“It only comes when called,” Bale said. “Much like its former master.”
He held out his hand. Slowly, little wisps of something that was one part liquid, one part mist and one part light, began to draw together above Bale’s hand. They thickened, fused together, and began to form a shape.
But the answer came to her. The mist hardened into a knife.
Its edge was fine, almost not there, and it looked sharper than any blade had any right to be. Bale took it by its hilt, and crouched beside the grave.
“What do you need the knife for?” Margo said.
“To open the Bridge.”
“And where does the Bridge lead to?”
“Where the rest of my soul is.”
Margo watched him, waiting for a laugh or a smile. None came.
Bale examined the rock at the top of the grave. “Well, I’m not sure if it really is my soul. I’m not sure I have one. But it is a part of me. As you can see, I’m weak without it.”
Margo didn’t like a word of that. She glanced to the right, making sure she knew the path back through the thorns.
“I hope I’m not scaring you,” said Bale. “Sorry to sound so voodoo-ey. I want to help but I can’t if I’m just a cloud. You must think I’m quite pathetic.”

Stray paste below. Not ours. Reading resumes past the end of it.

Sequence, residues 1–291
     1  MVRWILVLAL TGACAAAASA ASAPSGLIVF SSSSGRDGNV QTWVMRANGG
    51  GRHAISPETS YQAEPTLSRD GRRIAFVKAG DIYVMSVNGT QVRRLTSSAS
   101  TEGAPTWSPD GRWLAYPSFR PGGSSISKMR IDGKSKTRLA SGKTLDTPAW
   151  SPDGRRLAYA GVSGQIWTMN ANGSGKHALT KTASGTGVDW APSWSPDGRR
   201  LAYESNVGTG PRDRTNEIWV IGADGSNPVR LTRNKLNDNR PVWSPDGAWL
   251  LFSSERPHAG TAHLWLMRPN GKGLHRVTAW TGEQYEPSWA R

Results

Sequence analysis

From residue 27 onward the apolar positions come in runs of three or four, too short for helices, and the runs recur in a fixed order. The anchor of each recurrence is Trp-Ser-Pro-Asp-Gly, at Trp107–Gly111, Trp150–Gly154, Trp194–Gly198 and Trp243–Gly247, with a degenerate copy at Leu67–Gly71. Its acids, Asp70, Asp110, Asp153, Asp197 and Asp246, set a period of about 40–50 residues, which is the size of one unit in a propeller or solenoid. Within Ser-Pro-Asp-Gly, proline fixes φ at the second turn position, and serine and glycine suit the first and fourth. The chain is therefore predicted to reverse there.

“No,” Margo said. “It’s ok.”
Bale smiled again – it was full of warmth. And a little fear.
“So I had to concoct a plan.”
He rolled the stone over. A fox cried in the distance.
“This knife can cut almost anything,” Bale said by way of explanation. “Including the seal that keeps the Bridge closed.”
Afterward, Margo would ask herself why she hadn’t asked why a part of Bridge was sealed shut. She would ask herself why she hadn’t run.
“With my spirit,” Bale said cheerily, “I’ll be a lot stronger. I’ve never really been heroic, Margo. But I want to change that.”
Bale placed the edge of the knife against the stone. It cut, and green light rippled out of it, accompanied by a low thrumming sound. The light filled the clearing, and made their shadows stretch and twist.
The ground around the grave began to tremble. Soil came loose.
“What’ll happen when you cut it free?” Margo asked.
“To put it simply, my dear,” said Bale, “I have no clue.”
But he continued to press the knife down nonetheless.
Until his hand gave way.
His fingers – almost transparent – had been wrapped around the hilt of the knife one moment, and the next they faded. He dropped the knife, the tip nicking his arm, and flinched.
“I’m getting weaker,” said Bale. The charm was gone from his voice. He reached for the knife, tried to pick it up again, but his hands passed through it. The light from the stone began to dim – Margo understood what it meant: the window of opportunity was rapidly closing.